“Cathryn Vogeley's memoir, "I Need To Tell You," is an exceptional account of a dark and punitive era in our nation’s past when perhaps three million single women “got caught”, "illegally" pregnant, they were shamed and blamed, exiled and robbed of their newborns then told to bury their secrets deeply and “leave it all behind”.
Cathryn’s heartbreaking story is representative of women who tried to go on with their lives pretending "nothing ever happened", as if losing one's first child could be forgotten. In fact, Cathryn's body did not leave the past behind and rebelled again and again. Her courage comes through in this moving story which, as she writes, is for mothers like her, now in the twilight of their lives who still hold their secret today.
We should all heed the words of Kate Waller Barrett (co-founder, Florence Crittenton maternity homes), "…we may have very grave doubts as to whether God has really had any part in the making of a marriage, but we cannot doubt that he joins together mother and child by the strongest of human ties."
Cathryn’s memoir is an illustration of Barrett’s words. I highly recommend this book.”
— Karen Wilson-Buterbaugh, The Baby Scoop Era: Unwed Mothers, Infant Adoption, and Forced Surrender. www.babyscoopera.com
More Reader Reviews...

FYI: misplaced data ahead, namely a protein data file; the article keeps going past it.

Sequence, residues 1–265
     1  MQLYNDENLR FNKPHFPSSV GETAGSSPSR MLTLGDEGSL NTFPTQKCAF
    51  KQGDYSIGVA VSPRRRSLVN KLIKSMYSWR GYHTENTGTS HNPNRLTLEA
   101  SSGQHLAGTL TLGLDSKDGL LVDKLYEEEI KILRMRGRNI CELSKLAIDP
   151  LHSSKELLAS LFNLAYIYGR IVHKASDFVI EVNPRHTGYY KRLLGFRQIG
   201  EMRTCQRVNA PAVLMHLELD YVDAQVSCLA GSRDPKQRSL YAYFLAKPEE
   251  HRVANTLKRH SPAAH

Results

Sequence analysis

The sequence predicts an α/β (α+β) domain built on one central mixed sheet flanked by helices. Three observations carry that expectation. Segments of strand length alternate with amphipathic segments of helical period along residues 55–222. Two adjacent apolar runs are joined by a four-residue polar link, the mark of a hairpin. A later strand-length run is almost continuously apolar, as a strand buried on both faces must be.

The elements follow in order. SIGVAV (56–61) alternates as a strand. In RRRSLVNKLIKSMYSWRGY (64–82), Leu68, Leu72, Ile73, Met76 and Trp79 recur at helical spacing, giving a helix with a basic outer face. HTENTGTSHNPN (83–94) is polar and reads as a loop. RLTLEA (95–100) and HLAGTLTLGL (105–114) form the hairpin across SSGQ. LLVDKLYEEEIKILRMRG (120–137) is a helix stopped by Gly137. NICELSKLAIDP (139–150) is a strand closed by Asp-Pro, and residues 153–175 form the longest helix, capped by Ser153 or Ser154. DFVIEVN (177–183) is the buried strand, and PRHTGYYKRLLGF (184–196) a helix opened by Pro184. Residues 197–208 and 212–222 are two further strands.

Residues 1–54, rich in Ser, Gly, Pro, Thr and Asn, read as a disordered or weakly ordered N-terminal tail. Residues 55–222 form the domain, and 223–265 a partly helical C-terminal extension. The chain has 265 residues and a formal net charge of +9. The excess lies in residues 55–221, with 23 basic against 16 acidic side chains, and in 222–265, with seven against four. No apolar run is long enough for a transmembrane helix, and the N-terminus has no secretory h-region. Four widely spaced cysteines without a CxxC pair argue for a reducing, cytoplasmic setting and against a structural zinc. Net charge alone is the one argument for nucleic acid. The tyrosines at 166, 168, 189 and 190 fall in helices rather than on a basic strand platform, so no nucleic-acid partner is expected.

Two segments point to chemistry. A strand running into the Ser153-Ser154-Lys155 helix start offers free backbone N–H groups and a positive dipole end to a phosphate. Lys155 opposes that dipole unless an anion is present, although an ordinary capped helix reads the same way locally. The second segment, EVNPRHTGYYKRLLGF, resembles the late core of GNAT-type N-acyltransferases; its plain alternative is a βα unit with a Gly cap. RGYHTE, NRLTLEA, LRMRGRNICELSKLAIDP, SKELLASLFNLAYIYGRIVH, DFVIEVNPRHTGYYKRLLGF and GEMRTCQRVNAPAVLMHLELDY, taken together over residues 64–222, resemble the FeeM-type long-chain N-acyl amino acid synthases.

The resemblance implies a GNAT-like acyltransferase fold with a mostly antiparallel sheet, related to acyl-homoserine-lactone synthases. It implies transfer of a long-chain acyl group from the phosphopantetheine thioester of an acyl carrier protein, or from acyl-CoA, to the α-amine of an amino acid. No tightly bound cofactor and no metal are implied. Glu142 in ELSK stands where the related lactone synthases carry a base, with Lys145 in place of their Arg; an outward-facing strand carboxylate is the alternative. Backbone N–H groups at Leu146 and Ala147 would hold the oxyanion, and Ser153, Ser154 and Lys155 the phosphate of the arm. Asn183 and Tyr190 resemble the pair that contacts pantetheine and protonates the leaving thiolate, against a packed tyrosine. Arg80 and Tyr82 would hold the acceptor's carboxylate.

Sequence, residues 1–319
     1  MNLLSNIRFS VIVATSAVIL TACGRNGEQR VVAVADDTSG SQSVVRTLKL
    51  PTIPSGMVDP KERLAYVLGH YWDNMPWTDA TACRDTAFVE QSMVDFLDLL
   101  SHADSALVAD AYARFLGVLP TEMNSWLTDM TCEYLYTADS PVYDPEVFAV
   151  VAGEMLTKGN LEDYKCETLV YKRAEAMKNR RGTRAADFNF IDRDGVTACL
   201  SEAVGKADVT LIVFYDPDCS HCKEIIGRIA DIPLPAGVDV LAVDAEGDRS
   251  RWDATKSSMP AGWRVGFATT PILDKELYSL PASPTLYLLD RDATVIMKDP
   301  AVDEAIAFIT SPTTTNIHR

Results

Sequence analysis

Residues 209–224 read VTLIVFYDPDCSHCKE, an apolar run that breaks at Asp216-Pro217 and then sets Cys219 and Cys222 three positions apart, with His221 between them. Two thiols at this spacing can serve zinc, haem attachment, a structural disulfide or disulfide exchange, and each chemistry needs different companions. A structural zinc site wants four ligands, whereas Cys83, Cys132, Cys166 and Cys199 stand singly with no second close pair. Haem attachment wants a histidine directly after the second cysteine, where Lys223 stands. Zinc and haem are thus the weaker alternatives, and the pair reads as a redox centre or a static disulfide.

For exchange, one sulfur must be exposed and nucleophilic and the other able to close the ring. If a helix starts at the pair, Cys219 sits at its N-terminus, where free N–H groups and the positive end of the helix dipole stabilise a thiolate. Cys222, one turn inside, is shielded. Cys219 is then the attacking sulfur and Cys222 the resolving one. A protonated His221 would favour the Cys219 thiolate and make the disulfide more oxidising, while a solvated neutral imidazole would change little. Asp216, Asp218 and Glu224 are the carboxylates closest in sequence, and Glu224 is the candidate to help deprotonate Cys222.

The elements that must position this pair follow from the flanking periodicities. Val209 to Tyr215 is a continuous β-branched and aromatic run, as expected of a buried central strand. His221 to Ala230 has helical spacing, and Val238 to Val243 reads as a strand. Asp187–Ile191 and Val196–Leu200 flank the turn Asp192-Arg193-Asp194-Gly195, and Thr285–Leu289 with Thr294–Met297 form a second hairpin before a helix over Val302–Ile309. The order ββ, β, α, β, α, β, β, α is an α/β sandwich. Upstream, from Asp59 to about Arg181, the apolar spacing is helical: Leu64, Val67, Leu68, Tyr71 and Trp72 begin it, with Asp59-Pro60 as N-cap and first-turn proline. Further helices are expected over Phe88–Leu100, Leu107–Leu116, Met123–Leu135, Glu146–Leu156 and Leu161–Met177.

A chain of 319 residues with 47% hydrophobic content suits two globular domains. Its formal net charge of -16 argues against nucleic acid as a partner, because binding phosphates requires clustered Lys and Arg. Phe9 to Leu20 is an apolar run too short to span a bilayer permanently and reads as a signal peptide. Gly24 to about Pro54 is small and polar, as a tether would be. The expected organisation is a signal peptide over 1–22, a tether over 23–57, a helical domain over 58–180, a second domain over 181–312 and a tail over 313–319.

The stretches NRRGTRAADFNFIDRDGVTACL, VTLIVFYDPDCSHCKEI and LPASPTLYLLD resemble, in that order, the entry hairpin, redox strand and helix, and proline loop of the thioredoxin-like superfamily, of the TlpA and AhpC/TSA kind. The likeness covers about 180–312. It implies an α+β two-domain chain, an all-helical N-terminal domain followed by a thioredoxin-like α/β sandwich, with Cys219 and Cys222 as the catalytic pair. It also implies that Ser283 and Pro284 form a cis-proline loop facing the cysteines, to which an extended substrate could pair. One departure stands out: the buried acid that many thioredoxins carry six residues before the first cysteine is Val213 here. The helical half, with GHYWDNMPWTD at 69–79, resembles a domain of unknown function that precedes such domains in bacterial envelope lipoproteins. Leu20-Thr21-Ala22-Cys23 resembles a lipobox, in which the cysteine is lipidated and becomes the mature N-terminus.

I Need to Tell You is an important testimony about a time in history that is seldom given attention in American history, a first-hand account in fairly recent history when women were separated from their children against the laws of the land and also against the laws of basic humanity. You’ll not soon forget Cathryn or her story.
— Jennifer Lauck, author of NYT bestselling memoir, Blackbird
Cathryn Vogeley tells her story in knife sharp prose that cuts to the heart – a woman who never stops searching for the child she gave up for adoption 50 years ago. It’s also the story of the great destructive power of secrets, and the sense of self she lost and ultimately recovered. I Need to Tell You is a journey of unnamable pain, great triumphs, and fierce hope. That it’s all too common a story is part of its compelling force.
— Joanna Rose, author of A Small Crowd of Strangers
To forgive is to set a prisoner free and discover that the prisoner was you.
~ Lewis B. Smedes